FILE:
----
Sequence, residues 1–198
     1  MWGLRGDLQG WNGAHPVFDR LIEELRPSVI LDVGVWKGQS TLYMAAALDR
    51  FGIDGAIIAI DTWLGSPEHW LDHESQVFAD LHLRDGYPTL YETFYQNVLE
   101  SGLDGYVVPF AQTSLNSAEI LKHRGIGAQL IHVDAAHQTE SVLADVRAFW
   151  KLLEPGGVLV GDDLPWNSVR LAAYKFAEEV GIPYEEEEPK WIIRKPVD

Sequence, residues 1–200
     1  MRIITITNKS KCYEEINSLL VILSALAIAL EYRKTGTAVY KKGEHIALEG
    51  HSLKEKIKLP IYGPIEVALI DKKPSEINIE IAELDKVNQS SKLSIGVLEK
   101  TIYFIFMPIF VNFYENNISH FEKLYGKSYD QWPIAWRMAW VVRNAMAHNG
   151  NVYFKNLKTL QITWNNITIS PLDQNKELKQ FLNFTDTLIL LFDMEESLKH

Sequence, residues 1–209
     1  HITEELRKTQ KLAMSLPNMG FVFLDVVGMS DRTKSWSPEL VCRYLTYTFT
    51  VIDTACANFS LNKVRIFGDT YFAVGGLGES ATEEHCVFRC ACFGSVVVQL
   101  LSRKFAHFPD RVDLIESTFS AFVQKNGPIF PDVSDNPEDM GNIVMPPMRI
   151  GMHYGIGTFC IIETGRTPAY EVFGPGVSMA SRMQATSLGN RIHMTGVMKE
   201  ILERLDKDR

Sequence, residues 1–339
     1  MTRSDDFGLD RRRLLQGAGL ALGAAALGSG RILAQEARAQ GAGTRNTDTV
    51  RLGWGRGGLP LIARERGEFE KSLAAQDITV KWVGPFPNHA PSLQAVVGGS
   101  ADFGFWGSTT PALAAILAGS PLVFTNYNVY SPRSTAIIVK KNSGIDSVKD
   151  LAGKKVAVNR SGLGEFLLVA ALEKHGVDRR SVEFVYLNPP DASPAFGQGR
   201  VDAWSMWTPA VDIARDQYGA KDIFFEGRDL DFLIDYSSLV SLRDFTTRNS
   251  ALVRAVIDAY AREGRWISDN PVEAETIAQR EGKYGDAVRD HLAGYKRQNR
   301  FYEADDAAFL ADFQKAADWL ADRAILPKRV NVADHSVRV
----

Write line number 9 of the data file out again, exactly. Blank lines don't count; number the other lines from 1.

   101  TIYFIFMPIF VNFYENNISH FEKLYGKSYD QWPIAWRMAW VVRNAMAHNG